Workplace issues and employment disputes are sometimes referred to the GDC. Most of these concerns are not taken forward by the GDC as they either do not call into question a dental professional’s fitness to practise, or they fall outside our remit as a regulator. Sometimes, however, a workplace dispute is indicative of patterns of inappropriate conduct that warrant investigation. In these situations, we are duty bound to conduct an investigation. In these cases, there have often been missed opportunities to resolve issues at the local level, resulting in a conflict or dispute escalating unnecessarily. A positive and supportive work environment can be instrumental in preventing such escalation by enabling team members to raise issues at the right time.

We often receive complaints involving disputes between dental professionals that do not necessarily raise broader concerns about a dental professional’s fitness to practise or pose a risk to patient safety. We would encourage the local resolution of such matters.

Mental health and wellbeing

Investing in mental health and wellbeing—including anxiety and stress management—can help to avoid burnout in members of the workforce and maintain good outcomes for patients.

There are a number of sources of support available for dental professionals, and we encourage you to work with your staff to make sure they are aware of the support that is available to them, and how and when to seek it out. The guide Wellbeing Support for the Dental Team covers wellbeing information and resources for all members of the dental team, across the United Kingdom.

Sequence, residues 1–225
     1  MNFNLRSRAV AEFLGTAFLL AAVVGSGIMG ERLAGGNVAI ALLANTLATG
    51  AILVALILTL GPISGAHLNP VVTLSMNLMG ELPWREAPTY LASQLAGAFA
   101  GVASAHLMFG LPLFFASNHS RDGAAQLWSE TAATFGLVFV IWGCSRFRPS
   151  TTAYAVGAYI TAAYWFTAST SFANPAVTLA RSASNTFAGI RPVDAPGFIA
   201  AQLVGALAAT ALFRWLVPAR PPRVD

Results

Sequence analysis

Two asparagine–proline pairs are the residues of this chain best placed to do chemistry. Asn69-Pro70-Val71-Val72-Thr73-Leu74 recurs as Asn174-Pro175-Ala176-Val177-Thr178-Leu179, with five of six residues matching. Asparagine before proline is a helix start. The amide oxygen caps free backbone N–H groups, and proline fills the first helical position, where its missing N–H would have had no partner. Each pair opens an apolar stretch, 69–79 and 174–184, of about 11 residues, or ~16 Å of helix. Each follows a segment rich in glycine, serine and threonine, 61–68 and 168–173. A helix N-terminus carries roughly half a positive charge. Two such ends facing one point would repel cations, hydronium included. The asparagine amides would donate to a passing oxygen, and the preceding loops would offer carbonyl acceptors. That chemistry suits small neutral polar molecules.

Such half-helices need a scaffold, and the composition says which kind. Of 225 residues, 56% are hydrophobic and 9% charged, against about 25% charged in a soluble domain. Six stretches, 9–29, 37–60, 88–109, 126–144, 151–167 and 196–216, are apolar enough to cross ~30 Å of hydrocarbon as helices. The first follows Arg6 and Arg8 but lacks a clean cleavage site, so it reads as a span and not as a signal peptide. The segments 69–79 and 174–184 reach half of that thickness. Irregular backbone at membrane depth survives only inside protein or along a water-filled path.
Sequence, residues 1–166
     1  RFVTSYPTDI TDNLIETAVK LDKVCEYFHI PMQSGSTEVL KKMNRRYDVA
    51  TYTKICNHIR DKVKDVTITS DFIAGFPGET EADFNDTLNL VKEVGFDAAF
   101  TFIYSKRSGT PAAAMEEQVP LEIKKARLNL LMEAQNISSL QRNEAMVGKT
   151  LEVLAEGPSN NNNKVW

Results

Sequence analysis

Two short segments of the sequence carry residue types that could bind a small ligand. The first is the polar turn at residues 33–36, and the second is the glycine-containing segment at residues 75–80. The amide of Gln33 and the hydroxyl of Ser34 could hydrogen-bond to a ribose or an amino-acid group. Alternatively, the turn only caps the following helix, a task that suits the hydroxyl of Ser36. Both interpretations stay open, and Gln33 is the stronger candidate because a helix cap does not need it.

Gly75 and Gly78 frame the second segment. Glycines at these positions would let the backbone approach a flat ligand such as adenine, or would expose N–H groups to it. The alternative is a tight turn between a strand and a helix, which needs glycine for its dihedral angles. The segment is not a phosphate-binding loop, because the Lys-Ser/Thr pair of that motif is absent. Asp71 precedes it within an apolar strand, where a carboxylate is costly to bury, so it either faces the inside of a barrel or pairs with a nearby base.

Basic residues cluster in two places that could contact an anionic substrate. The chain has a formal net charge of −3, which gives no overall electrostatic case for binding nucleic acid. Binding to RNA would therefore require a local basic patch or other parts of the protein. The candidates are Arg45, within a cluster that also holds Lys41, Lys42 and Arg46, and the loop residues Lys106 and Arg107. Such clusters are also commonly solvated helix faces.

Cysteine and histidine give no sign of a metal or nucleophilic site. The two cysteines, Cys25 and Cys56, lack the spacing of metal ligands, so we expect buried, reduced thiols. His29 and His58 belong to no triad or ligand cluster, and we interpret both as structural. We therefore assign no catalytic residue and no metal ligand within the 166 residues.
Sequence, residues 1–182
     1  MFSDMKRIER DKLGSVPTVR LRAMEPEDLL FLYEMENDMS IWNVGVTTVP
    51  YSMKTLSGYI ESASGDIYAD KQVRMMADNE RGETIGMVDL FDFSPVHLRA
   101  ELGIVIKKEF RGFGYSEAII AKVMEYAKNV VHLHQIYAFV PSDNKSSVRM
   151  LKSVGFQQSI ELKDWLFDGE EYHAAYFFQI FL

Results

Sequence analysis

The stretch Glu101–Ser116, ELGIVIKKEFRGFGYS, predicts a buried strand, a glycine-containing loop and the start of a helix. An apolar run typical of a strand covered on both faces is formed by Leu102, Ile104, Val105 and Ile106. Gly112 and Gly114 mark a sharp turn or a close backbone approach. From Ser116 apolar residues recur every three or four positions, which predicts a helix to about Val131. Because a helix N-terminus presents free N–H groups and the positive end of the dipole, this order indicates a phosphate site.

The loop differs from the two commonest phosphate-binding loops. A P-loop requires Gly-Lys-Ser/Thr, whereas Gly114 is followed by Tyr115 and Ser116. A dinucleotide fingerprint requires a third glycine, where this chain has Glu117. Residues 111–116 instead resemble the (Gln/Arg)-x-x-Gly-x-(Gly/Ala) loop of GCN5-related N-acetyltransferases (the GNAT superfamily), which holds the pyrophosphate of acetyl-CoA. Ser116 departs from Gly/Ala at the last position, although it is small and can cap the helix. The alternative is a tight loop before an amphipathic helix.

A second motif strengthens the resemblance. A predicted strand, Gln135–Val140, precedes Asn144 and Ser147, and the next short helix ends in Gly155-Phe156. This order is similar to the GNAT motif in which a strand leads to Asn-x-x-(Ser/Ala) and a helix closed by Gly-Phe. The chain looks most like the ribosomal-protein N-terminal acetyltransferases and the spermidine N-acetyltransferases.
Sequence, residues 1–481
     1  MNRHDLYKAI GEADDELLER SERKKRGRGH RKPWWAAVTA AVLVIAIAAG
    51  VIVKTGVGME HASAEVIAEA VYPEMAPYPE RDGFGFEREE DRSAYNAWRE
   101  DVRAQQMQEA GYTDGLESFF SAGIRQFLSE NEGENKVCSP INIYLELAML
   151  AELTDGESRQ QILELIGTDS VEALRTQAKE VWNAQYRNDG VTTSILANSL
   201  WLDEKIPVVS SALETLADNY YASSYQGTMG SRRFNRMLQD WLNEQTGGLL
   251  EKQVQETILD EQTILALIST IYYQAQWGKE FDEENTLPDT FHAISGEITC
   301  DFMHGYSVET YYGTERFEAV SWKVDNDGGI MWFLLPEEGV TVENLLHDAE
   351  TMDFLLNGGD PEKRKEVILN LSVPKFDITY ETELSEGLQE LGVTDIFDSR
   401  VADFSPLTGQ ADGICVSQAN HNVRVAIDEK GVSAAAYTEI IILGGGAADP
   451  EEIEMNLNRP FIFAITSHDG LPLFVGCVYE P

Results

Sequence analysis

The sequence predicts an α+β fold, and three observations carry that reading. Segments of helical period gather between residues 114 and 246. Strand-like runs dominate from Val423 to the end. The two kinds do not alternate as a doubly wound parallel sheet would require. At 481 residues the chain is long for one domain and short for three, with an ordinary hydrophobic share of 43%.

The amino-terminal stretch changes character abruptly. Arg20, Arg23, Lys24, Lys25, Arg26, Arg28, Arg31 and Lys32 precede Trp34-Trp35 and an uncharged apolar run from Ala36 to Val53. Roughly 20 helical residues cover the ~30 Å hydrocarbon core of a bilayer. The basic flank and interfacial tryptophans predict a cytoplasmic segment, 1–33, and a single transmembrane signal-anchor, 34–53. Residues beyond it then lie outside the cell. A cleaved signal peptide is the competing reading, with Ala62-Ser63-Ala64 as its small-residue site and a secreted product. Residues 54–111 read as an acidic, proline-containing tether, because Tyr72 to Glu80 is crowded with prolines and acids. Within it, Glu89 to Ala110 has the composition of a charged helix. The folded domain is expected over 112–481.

MindPublic Health Englandthe Scottish GovernmentPublic Health Wales and nidirect are some of the organisations offering advice on taking care of your own mental health, or that of others.

Public Health England also offers a mental health toolkit for employers, and the NHS People website has many free support resources available.

For those specifically in an employment role, the Confederation of Dental Employers may be able to advise.

Support services for dentists

Support services for dental care professionals

Equality, diversity and inclusion

Under the Standards for the Dental Team, dental professionals are obliged to provide a supportive, inclusive and respectful environment for patients and team members, no matter their individual circumstances.

Dental professionals should expect to be treated without discrimination by their colleagues, and also by patients. It is important, too, to recognise that dental professionals whom you employ or manage may be subject to discriminatory comments or abuse, and that you have a role in supporting them in such a situation. A clear workplace policy on equality, diversity and inclusion—that is visible not just to staff, but patients—can be very useful in making expectations clear, and can be referred to if you think anyone is treating a member of your staff in a way that is unacceptable.